IB: My association with CyberNiggers began when I was invited to join the group on the original BreachForums. It was during this time that I engaged in the notable DC Health Link breach. Following the forum's closure, the group transitioned, and under the leadership of Aegis and myself, we reestablished it on the new BreachForums platform. It's important to clarify that while I contribute to the group, I am not synonymous with it. My individual identity as ‘Intelbrokers' often gets conflated with group activities, but I maintain my distinct persona within this collaborative environment. 

TCE: Comparing the old and new Breach Forums, have you noticed any significant changes? 

IB: Transitioning from the old to the new Breach Forums, there's a palpable shift in dynamics. The pace of growth appears more gradual, and there's a noticeable decline in active engagement from the staff.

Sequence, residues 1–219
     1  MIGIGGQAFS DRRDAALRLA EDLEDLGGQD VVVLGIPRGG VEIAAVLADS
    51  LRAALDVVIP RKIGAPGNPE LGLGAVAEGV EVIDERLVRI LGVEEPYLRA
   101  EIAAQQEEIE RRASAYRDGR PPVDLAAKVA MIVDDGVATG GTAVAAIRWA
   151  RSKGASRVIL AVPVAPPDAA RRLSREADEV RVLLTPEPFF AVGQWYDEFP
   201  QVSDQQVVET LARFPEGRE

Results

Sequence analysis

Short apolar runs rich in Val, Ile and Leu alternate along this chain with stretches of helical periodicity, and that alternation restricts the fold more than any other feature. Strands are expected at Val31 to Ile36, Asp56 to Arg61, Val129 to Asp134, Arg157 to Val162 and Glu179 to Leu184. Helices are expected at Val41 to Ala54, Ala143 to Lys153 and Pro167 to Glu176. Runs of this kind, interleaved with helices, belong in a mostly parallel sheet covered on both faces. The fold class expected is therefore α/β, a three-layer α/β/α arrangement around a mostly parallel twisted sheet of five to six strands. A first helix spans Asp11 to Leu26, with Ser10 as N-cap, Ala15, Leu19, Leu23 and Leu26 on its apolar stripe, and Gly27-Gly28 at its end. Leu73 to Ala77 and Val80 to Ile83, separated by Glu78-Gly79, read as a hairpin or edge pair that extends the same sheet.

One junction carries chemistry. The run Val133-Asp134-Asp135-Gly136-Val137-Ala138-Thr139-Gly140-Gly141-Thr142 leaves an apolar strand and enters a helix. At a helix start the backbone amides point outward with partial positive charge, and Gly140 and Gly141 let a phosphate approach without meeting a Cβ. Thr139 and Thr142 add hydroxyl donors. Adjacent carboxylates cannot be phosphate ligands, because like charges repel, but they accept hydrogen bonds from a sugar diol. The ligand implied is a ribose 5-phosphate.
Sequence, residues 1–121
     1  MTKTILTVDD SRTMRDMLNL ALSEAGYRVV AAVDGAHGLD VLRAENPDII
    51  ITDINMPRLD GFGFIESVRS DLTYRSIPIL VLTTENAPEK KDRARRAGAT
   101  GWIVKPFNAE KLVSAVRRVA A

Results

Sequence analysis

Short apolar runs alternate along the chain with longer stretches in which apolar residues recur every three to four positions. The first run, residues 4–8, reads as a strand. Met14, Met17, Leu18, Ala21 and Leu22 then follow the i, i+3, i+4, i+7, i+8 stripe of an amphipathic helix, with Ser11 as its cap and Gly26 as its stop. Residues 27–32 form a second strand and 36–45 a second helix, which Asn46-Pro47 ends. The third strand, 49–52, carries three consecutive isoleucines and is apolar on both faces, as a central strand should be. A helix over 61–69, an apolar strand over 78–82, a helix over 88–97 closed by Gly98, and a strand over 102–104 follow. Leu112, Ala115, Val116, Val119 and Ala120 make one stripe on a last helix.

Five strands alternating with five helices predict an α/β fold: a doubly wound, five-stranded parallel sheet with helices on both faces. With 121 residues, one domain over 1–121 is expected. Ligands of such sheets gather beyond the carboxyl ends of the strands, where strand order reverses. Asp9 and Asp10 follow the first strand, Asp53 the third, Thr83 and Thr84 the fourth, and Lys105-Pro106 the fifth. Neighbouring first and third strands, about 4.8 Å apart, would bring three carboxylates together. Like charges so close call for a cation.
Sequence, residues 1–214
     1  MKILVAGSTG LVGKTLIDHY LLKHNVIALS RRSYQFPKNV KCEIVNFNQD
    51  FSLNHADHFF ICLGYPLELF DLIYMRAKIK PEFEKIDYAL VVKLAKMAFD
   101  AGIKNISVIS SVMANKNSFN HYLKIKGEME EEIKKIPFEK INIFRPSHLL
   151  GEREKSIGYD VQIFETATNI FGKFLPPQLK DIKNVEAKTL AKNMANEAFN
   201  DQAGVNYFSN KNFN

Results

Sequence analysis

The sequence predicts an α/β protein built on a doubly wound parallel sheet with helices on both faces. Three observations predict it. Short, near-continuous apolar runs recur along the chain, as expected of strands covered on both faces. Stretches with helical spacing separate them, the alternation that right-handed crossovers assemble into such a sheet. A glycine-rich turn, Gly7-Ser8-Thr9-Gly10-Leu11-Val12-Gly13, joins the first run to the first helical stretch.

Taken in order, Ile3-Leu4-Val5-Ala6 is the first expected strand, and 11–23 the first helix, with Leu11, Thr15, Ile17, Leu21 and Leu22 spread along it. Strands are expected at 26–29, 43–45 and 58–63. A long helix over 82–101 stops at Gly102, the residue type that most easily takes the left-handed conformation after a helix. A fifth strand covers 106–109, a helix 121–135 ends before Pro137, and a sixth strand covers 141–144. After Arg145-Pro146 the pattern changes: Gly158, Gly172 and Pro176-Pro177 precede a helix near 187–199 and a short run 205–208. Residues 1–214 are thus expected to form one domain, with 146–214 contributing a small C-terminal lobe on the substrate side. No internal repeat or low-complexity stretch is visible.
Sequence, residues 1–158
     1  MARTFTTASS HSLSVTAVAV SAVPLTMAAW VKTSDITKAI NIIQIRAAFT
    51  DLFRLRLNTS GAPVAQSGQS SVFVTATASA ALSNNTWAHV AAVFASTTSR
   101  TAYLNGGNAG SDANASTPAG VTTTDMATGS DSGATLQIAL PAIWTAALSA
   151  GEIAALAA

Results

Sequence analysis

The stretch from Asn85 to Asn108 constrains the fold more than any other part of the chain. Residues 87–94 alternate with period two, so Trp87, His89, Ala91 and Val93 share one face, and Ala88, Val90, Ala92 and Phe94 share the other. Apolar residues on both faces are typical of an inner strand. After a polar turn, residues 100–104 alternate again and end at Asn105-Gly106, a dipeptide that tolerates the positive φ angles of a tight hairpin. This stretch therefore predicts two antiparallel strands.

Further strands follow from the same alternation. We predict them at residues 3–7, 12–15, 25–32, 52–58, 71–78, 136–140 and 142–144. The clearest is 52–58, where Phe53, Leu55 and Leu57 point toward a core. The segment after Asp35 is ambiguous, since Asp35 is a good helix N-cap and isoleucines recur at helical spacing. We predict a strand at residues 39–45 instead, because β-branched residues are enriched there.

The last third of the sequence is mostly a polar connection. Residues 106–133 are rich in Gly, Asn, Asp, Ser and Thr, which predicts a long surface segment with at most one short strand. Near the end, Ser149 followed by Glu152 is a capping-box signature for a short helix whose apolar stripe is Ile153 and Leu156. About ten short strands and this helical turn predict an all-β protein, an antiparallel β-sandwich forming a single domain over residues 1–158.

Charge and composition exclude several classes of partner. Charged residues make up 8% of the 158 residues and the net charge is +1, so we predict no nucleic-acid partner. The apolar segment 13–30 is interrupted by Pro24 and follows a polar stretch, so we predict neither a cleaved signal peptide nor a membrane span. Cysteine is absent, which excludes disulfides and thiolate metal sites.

As a result, there's been a shortage of top-notch content, with fewer posts and discussions that capture the essence of what made the original forum so lively, filled with groundbreaking revelations and vibrant discussions.

TCE: Are there aspects of the DARPA, Wee, or GE incidents that you feel were overlooked by mainstream media? 

IB: The breaches involving GE and DARPA indeed garnered some acknowledgment from the entities themselves, a rare occurrence in such scenarios. However, the depth of coverage and the nuances of these incidents often remain unexplored, leaving a gap in the public's understanding of their implications and the intricacies involved in such high-profile cyber incursions. 

TCE: Do you have a personal favorite cyber incident that you believe deserved more attention?